2. ^ a b c "Aggie Muster". Aggie Traditions. Retrieved 2011-08-25. 
  3. ^ a b Spencer, Jason (April 23, 2004), "Brother's death shows UT grad meaning of Muster", Houston Chronicle, retrieved 2007-08-16 
  4. ^ a b c d e f g h i j "Aggie Muster". Emerald Coast A&M Club. Retrieved 2006-12-17. 
  5. ^ a b Tutt, Bob (April 16, 1994), "Enemy shells at Corregidor couldn't stop Aggie Muster", Houston Chronicle, retrieved 2007-08-16 
  6. ^ a b c Kliewer, Terry (April 22, 2000), Strength in time of trial': Bonfire tragedy adds somber note to Aggie Muster"'", Houston Chronicle, retrieved 2007-08-16 
  7. ^ a b c d Lozano, Juan A. (April 22, 2000), "Especially solemn rite of Muster", Houston Chronicle, retrieved 2007-08-16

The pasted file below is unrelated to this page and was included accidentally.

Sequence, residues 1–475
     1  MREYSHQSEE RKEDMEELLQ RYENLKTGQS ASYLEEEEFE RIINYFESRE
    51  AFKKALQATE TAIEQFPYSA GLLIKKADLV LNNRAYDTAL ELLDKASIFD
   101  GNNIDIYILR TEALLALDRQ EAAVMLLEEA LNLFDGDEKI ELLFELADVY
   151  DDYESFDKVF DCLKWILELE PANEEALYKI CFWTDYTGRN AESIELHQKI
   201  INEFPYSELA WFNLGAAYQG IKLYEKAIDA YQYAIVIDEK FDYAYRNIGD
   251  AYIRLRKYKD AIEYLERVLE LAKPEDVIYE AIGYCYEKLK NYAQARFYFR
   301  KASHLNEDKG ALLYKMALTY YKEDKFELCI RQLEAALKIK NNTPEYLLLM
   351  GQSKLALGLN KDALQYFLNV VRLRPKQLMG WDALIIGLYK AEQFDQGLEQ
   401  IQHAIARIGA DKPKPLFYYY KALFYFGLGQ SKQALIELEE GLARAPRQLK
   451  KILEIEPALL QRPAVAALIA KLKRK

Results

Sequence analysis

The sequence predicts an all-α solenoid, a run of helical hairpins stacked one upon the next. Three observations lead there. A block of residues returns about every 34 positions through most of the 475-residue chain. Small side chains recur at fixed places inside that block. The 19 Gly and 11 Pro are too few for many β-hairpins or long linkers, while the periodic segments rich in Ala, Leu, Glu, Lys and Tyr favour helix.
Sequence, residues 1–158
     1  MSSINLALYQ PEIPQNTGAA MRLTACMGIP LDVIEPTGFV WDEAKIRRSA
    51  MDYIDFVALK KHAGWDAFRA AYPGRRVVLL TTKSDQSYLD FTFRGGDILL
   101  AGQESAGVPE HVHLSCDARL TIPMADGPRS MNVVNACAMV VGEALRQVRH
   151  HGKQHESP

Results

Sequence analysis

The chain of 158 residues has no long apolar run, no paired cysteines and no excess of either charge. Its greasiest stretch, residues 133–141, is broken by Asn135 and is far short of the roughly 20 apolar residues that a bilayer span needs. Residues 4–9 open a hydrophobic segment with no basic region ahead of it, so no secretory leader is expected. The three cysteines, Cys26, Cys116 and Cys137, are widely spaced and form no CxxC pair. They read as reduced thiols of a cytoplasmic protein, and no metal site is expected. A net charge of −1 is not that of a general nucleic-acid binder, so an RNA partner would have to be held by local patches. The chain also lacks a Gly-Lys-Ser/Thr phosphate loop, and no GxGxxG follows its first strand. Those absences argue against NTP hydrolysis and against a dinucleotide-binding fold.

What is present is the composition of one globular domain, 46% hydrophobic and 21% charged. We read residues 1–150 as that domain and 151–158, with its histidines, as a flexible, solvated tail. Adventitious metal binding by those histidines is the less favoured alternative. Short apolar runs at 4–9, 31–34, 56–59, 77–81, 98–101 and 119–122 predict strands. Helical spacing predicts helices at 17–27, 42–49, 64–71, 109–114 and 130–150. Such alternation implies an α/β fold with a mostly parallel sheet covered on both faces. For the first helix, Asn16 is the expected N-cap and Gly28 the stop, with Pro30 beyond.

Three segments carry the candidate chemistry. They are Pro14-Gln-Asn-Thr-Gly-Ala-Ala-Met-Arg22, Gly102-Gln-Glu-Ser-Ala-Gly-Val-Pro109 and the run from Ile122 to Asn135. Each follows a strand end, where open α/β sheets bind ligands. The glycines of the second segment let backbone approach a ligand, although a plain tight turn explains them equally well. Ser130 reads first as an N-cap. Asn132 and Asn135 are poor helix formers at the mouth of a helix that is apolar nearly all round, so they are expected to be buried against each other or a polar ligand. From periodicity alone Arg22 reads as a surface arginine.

8. ^ a b Lopez, John P. (November 26, 2002), "Tragedy strikes A&M family", Houston Chronicle, retrieved 2007-08-16 
  9. ^ Huffman, Holly (October 15, 2008), "Got a story for you, Ags", The Bryan-College Station Eagle, retrieved May 12, 2009 
  10. ^ "Muster History". Aggie Muster. Archived from the original on 2006-10-10. Retrieved 2006-12-17. 


Keynote speakers

Smaller Musters are held in over 300 other locations, including in Kosovo, Germany, Istanbul, Seoul, and almost every county in Texas.[7] Names can be called at multiple Muster ceremonies. For example, a person may be honored at the Muster in his hometown, while the Muster in the town where his parents live may also choose to call his name.[3] Many of the smaller Musters do not have the pageantry of the campus Muster. In all cases, a Roll Call for the Absent is held, but the ceremony may take place in conjunction with a barbecue or fish fry, to allow for fellowship.[1]